Proposed Social Security benefit cuts won't reduce deficit, expert says
Recent calls to cut Social Security benefits are grounded in misinformation and misunderstanding, says Merton C. Bernstein, LLB, a nationally recognized expert on Social Security.
Leaders and members of the National Commission on Fiscal Responsibility have targeted Social Security advocating the reduction of benefits and an increase in the retirement age, says Bernstein, the Walter D. Coles Professor Emeritus at Washington University in St. Louis School of Law.
They are ignoring Social Securitys strong foundation and track record, Bernstein says. Cutting the program will lead to undiminished deficits, more poverty, less purchasing power, less business income and more unemployment.
Bernstein notes that Social Security:
Pays its own way, does not and cannot add to the deficit and produces surpluses already totaling $2.77 trillion and projected to exceed $4 trillion;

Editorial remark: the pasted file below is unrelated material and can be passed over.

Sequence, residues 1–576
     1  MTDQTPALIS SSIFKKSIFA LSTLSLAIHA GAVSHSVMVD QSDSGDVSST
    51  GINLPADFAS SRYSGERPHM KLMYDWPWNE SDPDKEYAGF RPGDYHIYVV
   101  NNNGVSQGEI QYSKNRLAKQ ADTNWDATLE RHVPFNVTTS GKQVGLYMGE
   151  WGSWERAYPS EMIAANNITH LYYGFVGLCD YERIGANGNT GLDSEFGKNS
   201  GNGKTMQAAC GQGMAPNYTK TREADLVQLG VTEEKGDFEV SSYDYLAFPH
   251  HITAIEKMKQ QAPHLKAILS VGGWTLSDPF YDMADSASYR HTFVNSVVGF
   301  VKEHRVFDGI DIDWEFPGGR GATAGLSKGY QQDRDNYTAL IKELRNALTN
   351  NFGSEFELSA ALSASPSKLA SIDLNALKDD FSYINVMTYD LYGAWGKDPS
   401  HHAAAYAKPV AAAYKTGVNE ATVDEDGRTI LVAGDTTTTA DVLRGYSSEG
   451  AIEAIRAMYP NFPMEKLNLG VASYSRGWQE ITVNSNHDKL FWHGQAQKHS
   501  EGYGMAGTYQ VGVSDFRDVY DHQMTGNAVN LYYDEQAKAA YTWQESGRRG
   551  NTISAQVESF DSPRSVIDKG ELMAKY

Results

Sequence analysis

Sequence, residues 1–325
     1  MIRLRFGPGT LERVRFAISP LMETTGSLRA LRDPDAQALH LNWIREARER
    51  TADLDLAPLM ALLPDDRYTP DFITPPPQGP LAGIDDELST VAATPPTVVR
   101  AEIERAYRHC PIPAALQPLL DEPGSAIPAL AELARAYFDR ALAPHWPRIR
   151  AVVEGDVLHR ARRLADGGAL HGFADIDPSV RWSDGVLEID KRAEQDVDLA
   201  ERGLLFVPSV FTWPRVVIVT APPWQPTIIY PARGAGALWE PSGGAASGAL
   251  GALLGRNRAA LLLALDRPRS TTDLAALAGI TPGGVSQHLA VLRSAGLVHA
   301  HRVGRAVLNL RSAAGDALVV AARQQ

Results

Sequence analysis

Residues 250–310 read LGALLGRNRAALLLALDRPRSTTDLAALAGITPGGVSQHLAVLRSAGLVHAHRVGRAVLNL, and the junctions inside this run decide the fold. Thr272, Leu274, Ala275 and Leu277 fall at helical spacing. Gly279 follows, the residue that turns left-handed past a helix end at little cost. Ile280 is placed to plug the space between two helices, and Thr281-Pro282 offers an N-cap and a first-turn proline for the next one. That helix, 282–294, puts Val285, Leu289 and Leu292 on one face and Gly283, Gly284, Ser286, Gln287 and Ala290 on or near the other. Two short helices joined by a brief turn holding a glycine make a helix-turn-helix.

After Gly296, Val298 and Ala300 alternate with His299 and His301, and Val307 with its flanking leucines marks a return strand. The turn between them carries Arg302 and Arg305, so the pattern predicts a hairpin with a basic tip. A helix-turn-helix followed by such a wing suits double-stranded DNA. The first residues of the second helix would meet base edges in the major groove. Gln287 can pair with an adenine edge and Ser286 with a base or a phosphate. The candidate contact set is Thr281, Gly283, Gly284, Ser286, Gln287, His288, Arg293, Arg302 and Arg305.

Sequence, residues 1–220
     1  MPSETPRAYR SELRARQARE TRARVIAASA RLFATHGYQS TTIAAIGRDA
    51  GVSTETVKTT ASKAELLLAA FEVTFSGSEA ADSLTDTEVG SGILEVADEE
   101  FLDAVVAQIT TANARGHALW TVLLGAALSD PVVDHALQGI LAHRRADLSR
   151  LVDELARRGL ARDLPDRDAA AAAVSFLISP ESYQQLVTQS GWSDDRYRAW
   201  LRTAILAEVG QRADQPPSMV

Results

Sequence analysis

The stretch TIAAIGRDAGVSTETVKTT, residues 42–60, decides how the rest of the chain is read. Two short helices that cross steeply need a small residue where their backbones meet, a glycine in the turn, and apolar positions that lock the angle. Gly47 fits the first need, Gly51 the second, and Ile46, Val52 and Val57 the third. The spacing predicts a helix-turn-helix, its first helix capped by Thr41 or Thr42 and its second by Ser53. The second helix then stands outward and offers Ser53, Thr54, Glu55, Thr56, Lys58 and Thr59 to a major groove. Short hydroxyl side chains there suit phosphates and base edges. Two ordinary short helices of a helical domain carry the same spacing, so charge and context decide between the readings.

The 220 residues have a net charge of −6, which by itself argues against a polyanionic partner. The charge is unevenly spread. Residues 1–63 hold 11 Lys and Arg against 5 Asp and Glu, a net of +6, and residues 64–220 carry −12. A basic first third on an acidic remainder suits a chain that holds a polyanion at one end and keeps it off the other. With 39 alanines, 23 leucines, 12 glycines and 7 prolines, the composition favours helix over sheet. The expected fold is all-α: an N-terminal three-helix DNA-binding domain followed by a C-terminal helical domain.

Pays benefits only to those entitled by satisfying prescribed eligibility requirements extensive periods of work and contribution;
Insures family members starting at birth against income loss due to an earners death, disability or retirement;
Reduces poverty program more effectively than any other program, especially for older women;
Generates billions of dollars in beneficiary purchasing power that fuel hundreds of billions in sales and millions of jobs; and
Has non-benefit costs below one percent of benefits paid.
Bernstein discusses the strength and sustainability of the Social Security system and problems with raising the retirement age in his recent Huffington Post article, Fiscal Commission Mistakenly Targets Social Security for Cuts.
Provided by Washington University in St. Louis